2021 may seem to be the year of electric cars in India, but it really are the two- and three-wheelers that are powering the electric vehicle revolution in the country. A report by CRISIL claims that by 2024 12-17% of two-wheeler sales and 43-48% of three-wheeler sales will be for electric variants. This excludes e-rickshaws, which by far is the most popular category of electric vehicles in India presently.
India adopted electric 3-wheelers (e-rickshaws) as a shared mobility medium for last-mile connectivity. The market has been booming over the years as they are more convenient and economical to operate on feeder routes, short-distance passenger carriers and other commuting applications. In fact, India became the largest EV market in 2018. Today, nearly 2 million battery-powered three-wheeled rickshaws are plying on Indian roads that are mostly low-speed e-rickshaws and come with a maximum speed of 25 km/h. Not only are they cost-effective for the owner or the driver, e-rickshaws, as they are popularly known are easy to charge and run efficiently for a day besides being totally green, noise-free.
While there has been a high growth of passenger carrier EV 3-wheelers in a relatively short time, their cargo variants and the higher capacity-higher speed L5 category vehicles have also started gaining traction. As such, there has been a rapid adoption of the same in smaller towns for hyperlocal delivery. Therefore, the potential for the market to surpass present growth seems high in 2021.
A lot of companies are showing their commitment to climate conservation by opting for electric vehicles for their hub-and-spoke model delivery. Earlier in 2020, Amazon announced that it will include 10,000 EVs in its fleet of delivery vehicles by 2025. A rival to Amazon, Walmart-owned Flipkart had also stated in June 2019 that it will replace 40 percent of its delivery vans with EVs. Moreover, food aggregators like Zomato and Swiggy are also looking to switch at least 10% of their delivery fleet to electric. While the announcements have been made prior to the lockdown, the industry is optimistic to witness the execution in 2021.
Interestingly, amidst the industry-wide slowdown due to the unprecedented pandemic, electric two-and three-wheelers are reviving at a healthy rate. This is primarily due to their sustainability, affordability and a better value proposition in the shared mobility space. In its bid to accelerate the adoption of e-vehicles, several benefits have been exercised by both the central and the state governments through undertakings such as FAME-II that includes subsidies for infrastructural setup. Delhi government, which plans to have 25% electric vehicles on road by 2024, is offering up to INR 30K subsidy on two-wheelers and has recently launched a ‘Switch Delhi’ campaign to promote electric vehicles and appealed to people to buy them to combat pollution in the city.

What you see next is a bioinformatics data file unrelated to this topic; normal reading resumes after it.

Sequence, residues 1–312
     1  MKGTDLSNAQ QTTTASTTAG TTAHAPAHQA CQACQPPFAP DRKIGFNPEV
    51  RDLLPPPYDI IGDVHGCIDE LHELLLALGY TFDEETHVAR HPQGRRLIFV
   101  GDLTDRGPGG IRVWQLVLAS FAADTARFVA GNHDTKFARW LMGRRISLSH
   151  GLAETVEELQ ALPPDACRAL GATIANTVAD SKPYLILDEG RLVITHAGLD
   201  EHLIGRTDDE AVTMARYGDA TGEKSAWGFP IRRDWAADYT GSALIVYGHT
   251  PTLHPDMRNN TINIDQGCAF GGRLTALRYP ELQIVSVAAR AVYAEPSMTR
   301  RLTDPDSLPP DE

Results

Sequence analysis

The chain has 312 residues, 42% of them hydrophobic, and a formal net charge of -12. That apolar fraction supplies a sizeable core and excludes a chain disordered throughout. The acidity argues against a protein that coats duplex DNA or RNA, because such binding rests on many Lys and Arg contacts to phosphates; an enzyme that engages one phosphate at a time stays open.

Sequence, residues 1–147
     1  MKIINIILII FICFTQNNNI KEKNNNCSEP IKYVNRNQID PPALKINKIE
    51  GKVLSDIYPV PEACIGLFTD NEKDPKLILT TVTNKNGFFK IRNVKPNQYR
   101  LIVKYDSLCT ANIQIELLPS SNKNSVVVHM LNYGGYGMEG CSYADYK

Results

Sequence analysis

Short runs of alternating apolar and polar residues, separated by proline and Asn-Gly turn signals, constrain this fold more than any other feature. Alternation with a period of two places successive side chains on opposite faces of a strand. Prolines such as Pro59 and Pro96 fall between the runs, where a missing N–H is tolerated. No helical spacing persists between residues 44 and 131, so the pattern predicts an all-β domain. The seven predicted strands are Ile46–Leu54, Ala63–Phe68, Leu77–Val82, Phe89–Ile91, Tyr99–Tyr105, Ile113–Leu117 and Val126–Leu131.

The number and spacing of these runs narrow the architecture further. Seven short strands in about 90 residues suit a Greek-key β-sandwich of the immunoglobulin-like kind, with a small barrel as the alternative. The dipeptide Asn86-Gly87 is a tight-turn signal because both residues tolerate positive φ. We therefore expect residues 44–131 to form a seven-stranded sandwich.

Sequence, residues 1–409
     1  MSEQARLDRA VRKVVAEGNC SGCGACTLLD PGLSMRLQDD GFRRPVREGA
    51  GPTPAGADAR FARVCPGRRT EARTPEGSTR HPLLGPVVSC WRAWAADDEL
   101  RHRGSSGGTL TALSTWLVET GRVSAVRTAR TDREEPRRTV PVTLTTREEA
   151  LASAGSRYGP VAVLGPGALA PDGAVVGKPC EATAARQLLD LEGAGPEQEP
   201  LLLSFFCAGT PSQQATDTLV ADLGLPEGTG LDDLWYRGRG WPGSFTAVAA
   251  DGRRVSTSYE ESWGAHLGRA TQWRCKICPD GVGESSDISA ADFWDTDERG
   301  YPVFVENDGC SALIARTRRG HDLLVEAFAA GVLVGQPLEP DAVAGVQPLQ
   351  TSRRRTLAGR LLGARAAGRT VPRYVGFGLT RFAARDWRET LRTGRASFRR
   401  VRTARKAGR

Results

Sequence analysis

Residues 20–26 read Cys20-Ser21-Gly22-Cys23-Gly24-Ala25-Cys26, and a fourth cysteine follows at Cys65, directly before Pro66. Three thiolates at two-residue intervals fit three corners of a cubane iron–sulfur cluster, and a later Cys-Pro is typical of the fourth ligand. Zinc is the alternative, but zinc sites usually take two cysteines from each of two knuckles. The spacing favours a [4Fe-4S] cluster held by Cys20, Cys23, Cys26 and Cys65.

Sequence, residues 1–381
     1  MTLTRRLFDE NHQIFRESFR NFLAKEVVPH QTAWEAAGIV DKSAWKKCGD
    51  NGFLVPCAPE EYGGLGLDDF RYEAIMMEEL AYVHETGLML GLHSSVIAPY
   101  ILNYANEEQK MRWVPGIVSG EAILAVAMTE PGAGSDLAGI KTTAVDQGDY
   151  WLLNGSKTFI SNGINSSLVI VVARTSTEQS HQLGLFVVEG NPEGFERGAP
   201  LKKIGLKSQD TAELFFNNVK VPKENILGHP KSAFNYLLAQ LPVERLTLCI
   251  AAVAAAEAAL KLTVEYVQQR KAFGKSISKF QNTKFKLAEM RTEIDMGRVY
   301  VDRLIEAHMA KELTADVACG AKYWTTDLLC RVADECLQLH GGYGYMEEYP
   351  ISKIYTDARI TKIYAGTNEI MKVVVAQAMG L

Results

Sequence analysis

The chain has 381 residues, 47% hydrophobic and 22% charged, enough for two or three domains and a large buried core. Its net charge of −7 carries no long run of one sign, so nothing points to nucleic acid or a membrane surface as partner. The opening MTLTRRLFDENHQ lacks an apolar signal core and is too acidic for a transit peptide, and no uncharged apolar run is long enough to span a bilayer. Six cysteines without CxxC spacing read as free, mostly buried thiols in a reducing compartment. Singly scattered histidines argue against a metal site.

An independent study released by the CEEW Centre for Energy Finance predicted that India’s electric vehicle market could be worth $206 billion in ten years if the country expects to achieve its 2030 electric vehicle (EV) ambitions. This potential boom in the market calls for an increasing need for financing as the market is going to be worth $ 60-70 billion in the next 10 years.
While at present, only a handful of NBFCs and fintech players are operating in the said space, in order to make EVs a successful enterprise, governments must go beyond providing subsidies and prioritise initiatives to design policies that are venture-friendly. It can finance EVs by creating a fund for lending in the EV sector. This can be a relatively easy undertaking as the fund can be distributed to all banks, NBFCs and fintech players present in this space. There should also be a cap on the lending rate to protect borrower interest and ensure funds are available cheaply to meet India’s EV ambition by 2030. Any subsidies offered by various governments must also be distributed in a prudent manner. Rather than passing the benefit to the buyer upfront, these can be credited to loan accounts of buyers to help reduce and clear debt faster. One other option is to hand the subsidy over only once loans are repaid. This will create a god incentive to repay loans and build prudent financial behaviour. In turn, this will lead to reduction in NPAs and encourage more financial institutions to enter this segment.
Sameer Aggarwal, Founder & CEO, RevFin
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